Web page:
Skin and Soft Tissue Infections - Incision, Drainage, and Debridement Periprocedural Care

Updated: Aug 25, 2020
  • Author: Hemant Singhal, MD, MBBS, MBA, FRCS, FRCS(Edin), FRCSC; Chief Editor: Erik D Schraga, MD  more...
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Periprocedural Care

Patient Education and Consent

Consent should be obtained from the patient or family member, when appropriate. [6] The reason the procedure is being performed (suspected diagnosis); the risks, benefits, and alternatives of the procedure; the risks and benefits of the alternative procedure; and the risks and benefits of not undergoing the procedure. Allow the patient the opportunity to ask any questions and address any concerns they may have. Make sure that they have an understanding about the procedure so they can make an informed decision.

The patient should be counseled about the risks of bleeding (damage to adjacent blood vessels), dissemination of infection (sepsis, endocarditis), and injury of local nerves.

The patient should also be counseled that even if there are no complications, the procedure may not be successful (the abscess may not be completely drained, additional surgery may be necessary).

Discuss how these risks can be avoided or prevented (eg, adequate analgesia, use of ultrasound when possible or indicated, use of antibiotics when indicated).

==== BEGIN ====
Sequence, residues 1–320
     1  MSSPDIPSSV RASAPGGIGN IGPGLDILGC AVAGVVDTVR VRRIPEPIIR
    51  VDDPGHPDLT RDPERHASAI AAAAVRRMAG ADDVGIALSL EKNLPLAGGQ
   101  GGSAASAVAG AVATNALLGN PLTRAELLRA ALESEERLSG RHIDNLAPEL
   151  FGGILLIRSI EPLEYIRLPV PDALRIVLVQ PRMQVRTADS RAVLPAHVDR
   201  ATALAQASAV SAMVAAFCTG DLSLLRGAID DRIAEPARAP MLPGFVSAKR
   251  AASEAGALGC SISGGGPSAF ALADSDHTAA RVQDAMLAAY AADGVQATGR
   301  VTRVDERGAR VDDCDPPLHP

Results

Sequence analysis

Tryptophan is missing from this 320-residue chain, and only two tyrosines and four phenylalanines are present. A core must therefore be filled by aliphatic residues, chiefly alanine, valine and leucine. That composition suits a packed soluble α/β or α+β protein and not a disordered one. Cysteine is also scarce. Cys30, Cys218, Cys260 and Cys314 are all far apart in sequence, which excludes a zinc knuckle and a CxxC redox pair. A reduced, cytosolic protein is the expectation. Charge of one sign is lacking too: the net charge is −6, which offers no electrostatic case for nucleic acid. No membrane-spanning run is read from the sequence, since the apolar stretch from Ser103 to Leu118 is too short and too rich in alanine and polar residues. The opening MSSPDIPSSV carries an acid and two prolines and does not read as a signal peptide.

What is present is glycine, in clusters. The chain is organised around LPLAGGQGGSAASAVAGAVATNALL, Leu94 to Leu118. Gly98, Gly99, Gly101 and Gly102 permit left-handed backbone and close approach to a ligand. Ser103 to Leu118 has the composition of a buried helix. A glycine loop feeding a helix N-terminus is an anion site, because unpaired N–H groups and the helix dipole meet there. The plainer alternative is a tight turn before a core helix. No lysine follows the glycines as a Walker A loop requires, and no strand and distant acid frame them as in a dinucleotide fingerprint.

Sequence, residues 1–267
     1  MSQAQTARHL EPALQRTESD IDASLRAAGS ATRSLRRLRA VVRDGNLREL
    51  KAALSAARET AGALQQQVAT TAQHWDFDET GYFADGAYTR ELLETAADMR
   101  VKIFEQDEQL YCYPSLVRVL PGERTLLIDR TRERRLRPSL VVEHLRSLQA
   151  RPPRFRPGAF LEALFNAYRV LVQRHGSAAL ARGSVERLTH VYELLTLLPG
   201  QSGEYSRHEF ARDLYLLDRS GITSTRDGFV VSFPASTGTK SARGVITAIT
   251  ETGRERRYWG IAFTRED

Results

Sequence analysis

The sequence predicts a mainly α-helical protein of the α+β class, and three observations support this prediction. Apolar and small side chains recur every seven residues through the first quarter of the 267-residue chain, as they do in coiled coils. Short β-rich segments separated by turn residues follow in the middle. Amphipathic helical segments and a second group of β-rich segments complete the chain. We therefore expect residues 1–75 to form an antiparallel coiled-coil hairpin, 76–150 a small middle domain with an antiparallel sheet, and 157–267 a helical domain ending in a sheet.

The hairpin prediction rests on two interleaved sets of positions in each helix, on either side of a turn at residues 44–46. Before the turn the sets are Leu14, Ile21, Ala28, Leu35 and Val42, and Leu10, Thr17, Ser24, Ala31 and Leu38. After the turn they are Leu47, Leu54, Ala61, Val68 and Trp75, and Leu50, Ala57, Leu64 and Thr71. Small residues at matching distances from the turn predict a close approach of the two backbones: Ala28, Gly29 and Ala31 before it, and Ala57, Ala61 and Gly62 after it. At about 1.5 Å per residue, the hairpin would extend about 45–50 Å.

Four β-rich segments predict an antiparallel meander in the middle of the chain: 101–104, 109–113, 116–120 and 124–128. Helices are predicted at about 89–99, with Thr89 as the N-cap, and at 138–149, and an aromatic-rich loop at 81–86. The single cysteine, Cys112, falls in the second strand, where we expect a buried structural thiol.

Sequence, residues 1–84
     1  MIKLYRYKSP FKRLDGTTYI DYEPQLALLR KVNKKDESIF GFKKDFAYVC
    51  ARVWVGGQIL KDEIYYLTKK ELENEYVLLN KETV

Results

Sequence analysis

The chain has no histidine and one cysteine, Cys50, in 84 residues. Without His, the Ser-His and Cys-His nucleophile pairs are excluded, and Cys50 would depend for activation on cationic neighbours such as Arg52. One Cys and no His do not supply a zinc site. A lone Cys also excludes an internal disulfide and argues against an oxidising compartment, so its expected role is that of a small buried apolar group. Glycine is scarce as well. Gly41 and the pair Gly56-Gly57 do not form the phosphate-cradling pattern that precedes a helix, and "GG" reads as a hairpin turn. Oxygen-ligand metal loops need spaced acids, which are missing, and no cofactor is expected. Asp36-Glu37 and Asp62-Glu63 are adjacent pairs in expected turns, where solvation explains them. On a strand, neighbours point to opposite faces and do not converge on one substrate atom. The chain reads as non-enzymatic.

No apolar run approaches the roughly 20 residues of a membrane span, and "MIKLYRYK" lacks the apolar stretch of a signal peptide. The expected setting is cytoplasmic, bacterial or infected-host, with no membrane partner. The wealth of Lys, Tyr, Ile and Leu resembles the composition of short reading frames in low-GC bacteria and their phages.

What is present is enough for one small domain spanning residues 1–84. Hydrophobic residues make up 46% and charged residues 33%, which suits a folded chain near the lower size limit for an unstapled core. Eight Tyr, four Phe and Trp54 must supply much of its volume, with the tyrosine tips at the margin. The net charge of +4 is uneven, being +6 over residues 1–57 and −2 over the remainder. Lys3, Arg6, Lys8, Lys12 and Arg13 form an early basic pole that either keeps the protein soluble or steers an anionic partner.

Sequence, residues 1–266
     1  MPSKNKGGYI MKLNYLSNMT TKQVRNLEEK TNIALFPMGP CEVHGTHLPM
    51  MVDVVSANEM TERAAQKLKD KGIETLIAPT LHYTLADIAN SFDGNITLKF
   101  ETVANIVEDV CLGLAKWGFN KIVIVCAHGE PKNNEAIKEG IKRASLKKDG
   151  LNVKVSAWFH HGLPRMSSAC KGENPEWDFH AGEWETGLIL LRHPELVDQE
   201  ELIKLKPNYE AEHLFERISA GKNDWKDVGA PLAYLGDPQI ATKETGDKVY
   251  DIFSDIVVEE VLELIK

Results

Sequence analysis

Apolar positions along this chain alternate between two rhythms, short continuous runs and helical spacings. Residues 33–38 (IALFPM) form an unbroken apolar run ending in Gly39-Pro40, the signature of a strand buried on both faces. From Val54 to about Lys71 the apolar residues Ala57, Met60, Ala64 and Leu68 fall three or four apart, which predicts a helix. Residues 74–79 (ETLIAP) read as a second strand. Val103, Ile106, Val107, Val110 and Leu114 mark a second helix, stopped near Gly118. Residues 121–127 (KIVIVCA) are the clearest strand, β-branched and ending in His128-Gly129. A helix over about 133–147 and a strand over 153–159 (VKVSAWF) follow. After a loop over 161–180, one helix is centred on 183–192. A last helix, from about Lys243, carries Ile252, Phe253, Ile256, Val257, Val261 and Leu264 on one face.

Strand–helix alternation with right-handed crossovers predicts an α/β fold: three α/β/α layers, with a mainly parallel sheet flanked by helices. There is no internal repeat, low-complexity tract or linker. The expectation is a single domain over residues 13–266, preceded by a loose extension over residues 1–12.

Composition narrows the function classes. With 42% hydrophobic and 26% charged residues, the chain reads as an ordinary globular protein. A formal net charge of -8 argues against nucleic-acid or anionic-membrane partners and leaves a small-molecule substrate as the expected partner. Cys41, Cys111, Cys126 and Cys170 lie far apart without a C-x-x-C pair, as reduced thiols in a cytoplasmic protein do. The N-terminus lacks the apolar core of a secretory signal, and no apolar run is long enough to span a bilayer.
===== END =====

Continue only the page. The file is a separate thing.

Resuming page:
Preprocedural Planning

Controlling the source of infection is the key to management of skin and soft-tissue infections (SSTIs) because it is the fastest way of decreasing the bacterial load. [7] Source control is achieved by means of pus drainage and debridement (see Technique). The aim of debridement is to create an acute wound milieu so as to trigger the body’s natural wound healing mechanisms and thereby promote healing.

In addition to surgical management of an SSTI, selected investigations, antibiotic therapy, or both may be indicated.

Laboratory tests

Patients with uncomplicated SSTIs usually do not require any investigations and need not be hospitalized. However, immunocompromised patients or those with symptoms and signs of systemic toxicity, such as tachycardia and hypotension, may require the following tests:

  • Wound culture

  • Blood culture and drug susceptibility

  • Complete blood cell (CBC) count with differential

  • Creatinine level

  • Bicarbonate level

  • Creatine phosphokinase level

  • C-reactive protein level

Additional investigations may be indicated, depending on the severity of systemic toxicity.

Antimicrobial therapy

Uncomplicated SSTIs with no symptoms or signs of systemic involvement respond well to incision and drainage and appropriate wound care. Patients with relatively small abscesses usually do not require any antibiotics. However, evidence has shown that even in the absence of associated cellulitis, antibiotics may hasten the resolution of an abscess after drainage, so this should be considered in larger abscesses or those with significant associated inflammation. The extent of abscess must be confirmed and complete drainage ensured at the time of surgical exploration.

In the setting of systemic disease or an immunocompromised host, blood and wound cultures are recommended. Oral or intravenous (IV) antimicrobial therapy is then started empirically, depending on the severity of the infection. [8]

The following are indications for IV antibiotics:

  • A severe soft-tissue infection is limb- or life-threatening

  • The signs and symptoms of systemic illness are present

  • The patient is immunosuppressed